KUALA LUMPUR — Phantoms, ghosts, demons and other Malaysian supernatural beings across the country today urged the government and the Election Commission to make voting easier for them this coming 13th General Elections.
Speaking at their headquarters during an awkwardly-timed Press conference past midnight, Minah Jelir, President of Persatuan Hantu Kebangsaan (PHAK), said that in light of the huge number of registered ‘pengundi hantu’, the authorities should be more sensitive to their unique needs.
“For the longest time, we feel neglected and marginalised despite the fact that we make up a good percentage of the 13 million registered voters in the country,” said Minah, an 83-year old pontianak (female vampire) dressed in a fashionably long torn white robe, with the odd blood and dirt stain or two. “But every single election season, my people find that the voting conditions are simply deplorable.”
Minah pointed how the voting period of 8am to 5pm does not consider the nocturnal nature of ghouls and demons.
“For goodness sake, which phantom in their right mind stays up in the middle of the day?” asked Minah angrily. “Our skin burns when exposed to sunlight. No amount of SPF100 sunblock can protect us while queueing for our turn to cast our votes!” she growled, before relating the unfortunate incident in 2008 in which 3 hantu rayas (a type of demon that acts as a double for a black magic practitioner) burst into flames in the hot sun in Kodiang, Kedah. “It’s no secret that the undead are only active at night, so please extend the voting hours for us. Stop being so living-centric!”
Eyes glowing with fury, Minah also raised the issue of having to bring along an identification card in order to be allowed into a voting centre.
“Look, some of us ghosts pre-date Identification Cards and Malaysian passports, okay? Hantu Galah (pole ghost) out there is over 6,000 years old,” said Minah, gesturing to a tall, thin demon hiding behind a huge tree in the HQ compound. “And like many ghosts, he’s the introvert type too scared and shy to go to the National Registration Department to get his IC made. But does that mean he doesn’t have the right to determine who governs this fair land on which we haunt?”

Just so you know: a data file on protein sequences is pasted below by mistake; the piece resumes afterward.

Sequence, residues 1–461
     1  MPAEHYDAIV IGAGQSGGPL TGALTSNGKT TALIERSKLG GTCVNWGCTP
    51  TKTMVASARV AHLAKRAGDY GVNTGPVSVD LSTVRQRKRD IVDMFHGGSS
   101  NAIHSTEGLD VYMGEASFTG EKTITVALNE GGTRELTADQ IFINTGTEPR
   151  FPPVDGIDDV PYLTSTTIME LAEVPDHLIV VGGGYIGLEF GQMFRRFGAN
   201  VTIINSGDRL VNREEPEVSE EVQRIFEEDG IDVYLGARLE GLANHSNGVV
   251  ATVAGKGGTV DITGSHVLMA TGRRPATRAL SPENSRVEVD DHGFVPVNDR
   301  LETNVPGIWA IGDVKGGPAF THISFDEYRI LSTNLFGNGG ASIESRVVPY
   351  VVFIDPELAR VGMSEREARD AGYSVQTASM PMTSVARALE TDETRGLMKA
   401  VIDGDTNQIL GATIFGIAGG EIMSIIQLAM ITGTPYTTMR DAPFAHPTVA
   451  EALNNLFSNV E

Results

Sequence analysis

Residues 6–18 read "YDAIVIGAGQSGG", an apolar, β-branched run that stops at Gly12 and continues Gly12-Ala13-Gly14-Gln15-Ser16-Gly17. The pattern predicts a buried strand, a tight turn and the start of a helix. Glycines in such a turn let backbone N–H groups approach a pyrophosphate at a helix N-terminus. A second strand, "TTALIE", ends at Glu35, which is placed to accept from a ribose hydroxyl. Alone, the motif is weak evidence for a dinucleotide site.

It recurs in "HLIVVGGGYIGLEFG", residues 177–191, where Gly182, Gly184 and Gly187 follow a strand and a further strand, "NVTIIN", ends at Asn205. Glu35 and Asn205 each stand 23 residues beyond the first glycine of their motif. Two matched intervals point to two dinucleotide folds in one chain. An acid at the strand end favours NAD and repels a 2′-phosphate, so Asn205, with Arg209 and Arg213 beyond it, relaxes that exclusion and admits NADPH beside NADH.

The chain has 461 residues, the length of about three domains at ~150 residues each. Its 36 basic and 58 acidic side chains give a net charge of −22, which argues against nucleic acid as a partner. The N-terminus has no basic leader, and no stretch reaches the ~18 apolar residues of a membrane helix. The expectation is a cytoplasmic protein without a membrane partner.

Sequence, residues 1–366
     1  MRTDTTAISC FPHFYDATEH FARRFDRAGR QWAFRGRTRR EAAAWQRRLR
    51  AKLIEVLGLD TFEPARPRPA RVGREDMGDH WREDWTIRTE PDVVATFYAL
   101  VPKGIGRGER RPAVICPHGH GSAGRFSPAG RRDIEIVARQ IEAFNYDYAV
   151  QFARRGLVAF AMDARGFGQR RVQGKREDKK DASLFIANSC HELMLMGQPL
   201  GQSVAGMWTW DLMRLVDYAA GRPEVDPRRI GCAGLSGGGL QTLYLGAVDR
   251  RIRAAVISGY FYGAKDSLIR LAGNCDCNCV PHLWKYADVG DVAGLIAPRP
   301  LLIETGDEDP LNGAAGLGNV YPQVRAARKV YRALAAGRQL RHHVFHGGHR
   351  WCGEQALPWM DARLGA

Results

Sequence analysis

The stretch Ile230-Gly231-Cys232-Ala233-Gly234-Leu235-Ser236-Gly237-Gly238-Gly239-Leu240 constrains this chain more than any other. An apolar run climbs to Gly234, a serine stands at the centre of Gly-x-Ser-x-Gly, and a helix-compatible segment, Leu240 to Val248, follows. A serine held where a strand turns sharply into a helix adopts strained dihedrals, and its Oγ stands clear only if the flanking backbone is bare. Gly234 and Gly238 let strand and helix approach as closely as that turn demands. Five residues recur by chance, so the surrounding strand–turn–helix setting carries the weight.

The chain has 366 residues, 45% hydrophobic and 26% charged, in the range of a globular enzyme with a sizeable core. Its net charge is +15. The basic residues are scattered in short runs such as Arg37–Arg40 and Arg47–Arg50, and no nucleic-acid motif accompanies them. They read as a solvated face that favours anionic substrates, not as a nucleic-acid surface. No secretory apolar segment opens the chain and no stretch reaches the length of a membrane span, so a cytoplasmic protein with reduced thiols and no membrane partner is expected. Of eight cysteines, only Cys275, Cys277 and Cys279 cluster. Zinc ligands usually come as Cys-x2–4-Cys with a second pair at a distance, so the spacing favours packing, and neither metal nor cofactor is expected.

Minah however said the association agreed that the Malaysian general election is only for Malaysian citizens. “We at PHAK fully support the condition that only Malaysians — humans or ghouls — get to vote here, this is our country and we should have the exclusive right to pick who leads us. so Count Dracula and his expat ‘mat salleh’ minions don’t qualify, just like my Kuntilanak cousins from Indonesia. But please, find another way to identify us. Surely you have the technology to do that?”
“And what’s with the indelible ink?” asked the bloodsucker from Kuala Selangor, whose victim tally is reportedly in the hundreds. “Sure, it works on human fingers, but what about those with less-than-alive skin and brimstone-hardened talons? The silver nitrate content of the ink does not go well with our dead cells!” she said, taking a swipe at the table she was seated at, leaving a set of horrifying deep gashes on the teak wood that made several Press members faint in fear. “Frankly I don’t see the point of painting some red ink on our fingers when our entire hands are covered in blood.
“Plus, you know what’s the toughest part about this indelible ink business? It totally disregards the phantom voters who can’t get their hands extended to be painted, such as the Pocong (ghost in death shroud). And where is the Penanggalan (floating vampire head) supposed to be painted with the ink? Her entrails?” said Minah, pointing towards the ghastly ghoul at the back of the room while telling her to stop feeding from the neck of a petrified Harian Metro journalist.
“The Election Commission also must address the age requirements for voters,” she added. “While the rules for the living may be clear, the EC should think about how the 21-and-above rule applies to my old-but-forever-young colleague, Toyol (child spirit used by black magic practitioners to steal). He may look like a typical 2-year old, but ladies and gentlemen, he’s been 2 for the last 150 years.”
The pontianak continued, “We want the government to introduce some comprehensive changes to enable ghosts and phantom voters to perform our civic duty in peace. We understand that you humans may not want to cast your votes amongst us — our horrid appearance may strike mortal fear in many of you, but believe me, some of us do not wish to be seen amongst the living too.
“So we urge EC to provide a separate venue and time for us soulless beings. A place where we can vote without causing mass hysteria or being jeered, or worse still — victimised by ghost hunters. A place where less-than-modest ghosts like Hantu Kopek (demon that suffocates her victims with her killer breasts) can do her deed without shame,” said Minah, her fangs glistening in the moonlight peering through the window.
Asked what would be the association’s hopes for the future of Malaysia, Miss Jelir said that she envisions a time where phantoms and humans can co-exist in peace and harmony.
“Yes, we may have many issues to iron out,” she said, eyes tearing from her emotions and raw exposed nerves. “Our kind may find difficulty finding alternative food sources — you living do taste good. But if we could just put all these petty issues behind us and focus on our future and the rakyat’s wellbeing, we can all be happy together.
“I’d like to see one of my kind in Parliament one day. Imagine that, a Yang Berpuaka debating on education or defence issues with a Yang Berhormat. That would be just inspiring!” said Minah, before letting out a banshee-like laughter and flying off into the cloudless night.